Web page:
What complaints we can and can’t deal with
We can only handle complaints about the work, staff and levels of service provided by the Department of Health and Social Care (DHSC).
We can’t deal with:
Complaints about DHSC
If you want to speak to someone about a complaint, you can call our public enquiries call centre on 020 7210 4850 (lines are open 9am to 5pm, Monday to Friday, excluding bank holidays), where we will try to resolve the issue if we can.
Or contact us by textphone on 020 7210 5025 (lines are open from 9am to 5pm, Monday to Friday, excluding bank holidays).
If you prefer to put your complaint in writing, in the first place, write to the person who handled your query – that’s usually the quickest way to resolve a problem. If you’re still not satisfied, ask for your complaint to be escalated to their team leader or line manager.
What information we’ll need from you
We will need:
- a clear, detailed description of what your complaint is about
- copies of any letters or emails related to the complaint
- a correspondence case reference number, if you have it
- your email address or postal address (so we can reply)
We aim to respond to complaints within 20 working days. If we can’t reply to you within this time, we will let you know and tell you when you can expect a reply.
If the problem is still unresolved, you can make a formal complaint to our complaints manager.
How to make a formal complaint about DHSC
You can make a formal complaint by post, online or by phone.
Ministerial Correspondence and Public Enquiries Unit
Department of Health and Social Care
39 Victoria Street
Fill in our web contact form (please put ‘For the attention of the complaints manager’ in the subject line).
Phone our public enquiries call centre on 020 7210 4850 (lines are open 9am to 5pm Monday to Friday, excluding bank holidays). Our call centre staff can take a note of your complaint to pass on to the complaints manager, or arrange a suitable time for an advisor to do so.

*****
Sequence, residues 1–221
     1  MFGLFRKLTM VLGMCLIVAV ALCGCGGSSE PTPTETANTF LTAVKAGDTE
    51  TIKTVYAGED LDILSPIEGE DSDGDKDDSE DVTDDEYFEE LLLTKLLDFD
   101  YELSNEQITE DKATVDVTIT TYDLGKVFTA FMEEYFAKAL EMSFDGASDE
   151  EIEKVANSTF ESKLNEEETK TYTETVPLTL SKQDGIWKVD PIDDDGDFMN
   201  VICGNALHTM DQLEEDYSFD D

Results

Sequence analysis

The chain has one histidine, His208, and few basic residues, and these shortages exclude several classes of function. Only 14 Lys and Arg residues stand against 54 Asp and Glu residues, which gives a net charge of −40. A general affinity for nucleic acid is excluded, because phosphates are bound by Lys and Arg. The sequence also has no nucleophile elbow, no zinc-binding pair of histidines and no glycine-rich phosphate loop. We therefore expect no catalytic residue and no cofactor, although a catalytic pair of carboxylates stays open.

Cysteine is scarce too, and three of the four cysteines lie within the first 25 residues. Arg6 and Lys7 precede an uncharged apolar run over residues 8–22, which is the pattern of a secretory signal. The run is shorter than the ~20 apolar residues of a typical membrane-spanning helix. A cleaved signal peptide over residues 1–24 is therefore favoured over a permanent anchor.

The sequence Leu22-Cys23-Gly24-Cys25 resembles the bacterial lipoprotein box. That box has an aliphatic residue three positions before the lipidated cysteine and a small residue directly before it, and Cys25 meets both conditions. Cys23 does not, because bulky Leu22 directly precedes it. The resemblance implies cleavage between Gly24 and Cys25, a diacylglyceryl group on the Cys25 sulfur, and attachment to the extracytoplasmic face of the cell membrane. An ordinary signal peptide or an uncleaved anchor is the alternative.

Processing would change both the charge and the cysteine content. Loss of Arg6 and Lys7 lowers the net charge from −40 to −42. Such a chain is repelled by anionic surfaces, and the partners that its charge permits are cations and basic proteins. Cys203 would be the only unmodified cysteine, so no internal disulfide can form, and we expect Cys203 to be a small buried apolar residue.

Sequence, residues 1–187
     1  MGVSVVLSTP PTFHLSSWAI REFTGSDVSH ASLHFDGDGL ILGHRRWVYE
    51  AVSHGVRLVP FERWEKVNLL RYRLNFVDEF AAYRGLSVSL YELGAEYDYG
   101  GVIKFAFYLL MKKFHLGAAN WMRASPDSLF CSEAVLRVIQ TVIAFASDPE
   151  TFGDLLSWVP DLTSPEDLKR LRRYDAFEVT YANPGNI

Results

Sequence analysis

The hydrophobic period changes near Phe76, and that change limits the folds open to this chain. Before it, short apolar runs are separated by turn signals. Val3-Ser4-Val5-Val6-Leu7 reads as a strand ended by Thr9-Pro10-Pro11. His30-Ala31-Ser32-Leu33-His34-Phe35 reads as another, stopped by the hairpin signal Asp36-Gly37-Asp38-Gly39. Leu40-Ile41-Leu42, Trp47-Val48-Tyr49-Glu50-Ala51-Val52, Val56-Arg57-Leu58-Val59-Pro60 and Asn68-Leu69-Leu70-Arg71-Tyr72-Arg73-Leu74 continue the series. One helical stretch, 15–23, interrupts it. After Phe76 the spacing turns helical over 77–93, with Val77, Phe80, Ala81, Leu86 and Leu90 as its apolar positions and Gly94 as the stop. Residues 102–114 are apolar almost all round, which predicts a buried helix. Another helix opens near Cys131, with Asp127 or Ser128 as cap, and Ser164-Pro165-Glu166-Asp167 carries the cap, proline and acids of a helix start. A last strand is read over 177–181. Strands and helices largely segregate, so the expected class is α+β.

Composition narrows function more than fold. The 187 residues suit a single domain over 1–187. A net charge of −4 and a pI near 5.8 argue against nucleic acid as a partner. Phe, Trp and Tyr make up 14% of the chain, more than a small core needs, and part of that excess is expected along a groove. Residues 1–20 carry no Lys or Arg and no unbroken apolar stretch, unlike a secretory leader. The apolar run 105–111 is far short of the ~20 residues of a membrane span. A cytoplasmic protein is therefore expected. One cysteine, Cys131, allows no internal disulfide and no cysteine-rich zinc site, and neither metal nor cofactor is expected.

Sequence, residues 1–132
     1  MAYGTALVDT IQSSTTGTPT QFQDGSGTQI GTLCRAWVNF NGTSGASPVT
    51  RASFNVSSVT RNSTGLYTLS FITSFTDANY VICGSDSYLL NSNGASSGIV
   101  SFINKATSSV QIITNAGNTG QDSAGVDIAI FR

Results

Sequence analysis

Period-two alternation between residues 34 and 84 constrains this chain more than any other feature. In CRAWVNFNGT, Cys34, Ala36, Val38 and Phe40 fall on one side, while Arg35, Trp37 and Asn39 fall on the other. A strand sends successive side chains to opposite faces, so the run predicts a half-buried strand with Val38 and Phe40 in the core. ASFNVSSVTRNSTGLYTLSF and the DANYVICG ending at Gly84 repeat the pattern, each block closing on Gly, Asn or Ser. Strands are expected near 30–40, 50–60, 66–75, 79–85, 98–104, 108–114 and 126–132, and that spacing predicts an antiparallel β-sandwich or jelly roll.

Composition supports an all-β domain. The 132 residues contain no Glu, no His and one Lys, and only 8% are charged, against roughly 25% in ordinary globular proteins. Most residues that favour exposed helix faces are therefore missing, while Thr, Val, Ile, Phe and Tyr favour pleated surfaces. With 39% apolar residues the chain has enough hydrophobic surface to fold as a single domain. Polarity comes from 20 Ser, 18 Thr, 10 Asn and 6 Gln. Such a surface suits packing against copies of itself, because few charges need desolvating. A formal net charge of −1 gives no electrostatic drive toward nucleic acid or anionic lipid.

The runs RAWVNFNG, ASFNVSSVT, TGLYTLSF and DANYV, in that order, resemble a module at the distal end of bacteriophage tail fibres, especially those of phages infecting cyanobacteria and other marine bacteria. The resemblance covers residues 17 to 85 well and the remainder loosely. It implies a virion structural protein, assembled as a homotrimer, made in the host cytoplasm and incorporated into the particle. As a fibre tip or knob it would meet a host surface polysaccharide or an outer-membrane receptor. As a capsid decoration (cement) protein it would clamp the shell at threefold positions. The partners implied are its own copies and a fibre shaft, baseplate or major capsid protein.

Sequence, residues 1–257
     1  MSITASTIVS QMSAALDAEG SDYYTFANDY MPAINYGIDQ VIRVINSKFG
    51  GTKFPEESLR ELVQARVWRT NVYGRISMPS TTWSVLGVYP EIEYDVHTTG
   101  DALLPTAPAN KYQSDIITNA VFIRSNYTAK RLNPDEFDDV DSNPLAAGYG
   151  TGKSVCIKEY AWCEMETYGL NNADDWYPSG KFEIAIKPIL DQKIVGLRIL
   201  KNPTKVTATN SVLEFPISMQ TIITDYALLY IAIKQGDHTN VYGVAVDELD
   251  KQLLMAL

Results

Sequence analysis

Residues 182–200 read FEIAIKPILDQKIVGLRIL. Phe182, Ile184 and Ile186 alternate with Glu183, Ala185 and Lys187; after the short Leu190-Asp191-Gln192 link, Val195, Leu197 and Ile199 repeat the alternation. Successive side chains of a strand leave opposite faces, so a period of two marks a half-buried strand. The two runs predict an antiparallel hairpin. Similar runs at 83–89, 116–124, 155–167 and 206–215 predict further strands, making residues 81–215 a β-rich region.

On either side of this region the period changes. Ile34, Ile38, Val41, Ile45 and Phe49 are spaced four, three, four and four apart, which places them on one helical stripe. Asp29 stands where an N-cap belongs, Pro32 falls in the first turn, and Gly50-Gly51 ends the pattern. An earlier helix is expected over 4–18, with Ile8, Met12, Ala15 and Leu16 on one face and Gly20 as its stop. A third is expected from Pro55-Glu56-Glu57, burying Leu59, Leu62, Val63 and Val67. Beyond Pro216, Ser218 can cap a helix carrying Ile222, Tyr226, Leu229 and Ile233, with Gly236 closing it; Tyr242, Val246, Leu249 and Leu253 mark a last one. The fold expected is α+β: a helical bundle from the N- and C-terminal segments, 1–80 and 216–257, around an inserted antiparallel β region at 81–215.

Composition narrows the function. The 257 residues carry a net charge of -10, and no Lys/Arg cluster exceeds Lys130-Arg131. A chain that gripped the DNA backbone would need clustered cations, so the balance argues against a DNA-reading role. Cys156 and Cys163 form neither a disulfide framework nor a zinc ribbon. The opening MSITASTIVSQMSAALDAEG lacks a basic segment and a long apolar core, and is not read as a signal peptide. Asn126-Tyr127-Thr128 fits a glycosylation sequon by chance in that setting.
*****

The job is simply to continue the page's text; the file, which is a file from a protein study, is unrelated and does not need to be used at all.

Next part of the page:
Please note it is advisable to place detailed complaints in writing, where possible, to ensure your concerns are comprehensively covered.
What happens next
When you’ve made your complaint, we will:
- send an email to let you know that we’ve received it (as long as you’ve provided a valid email address)
- investigate your complaint, looking at whether your questions were answered, whether you suffered any injustice or hardship, and what remedy would be fair and proportionate in the circumstances
What to do if you’re not satisfied
If you are not satisfied with the outcome of your formal complaint, you can ask your local MP to refer it to the Parliamentary and Health Service Ombudsman.
You have to go through your MP – you can’t approach the Ombudsman directly. The Ombudsman investigates complaints where government departments or other public bodies have not acted properly or fairly, or have provided a poor service. Government departments have to co-operate with the Ombudsman by law.
Appealing against a decision by the ombudsman
If you are unhappy with the Ombudsman’s decision, you can appeal directly to the Ombudsman.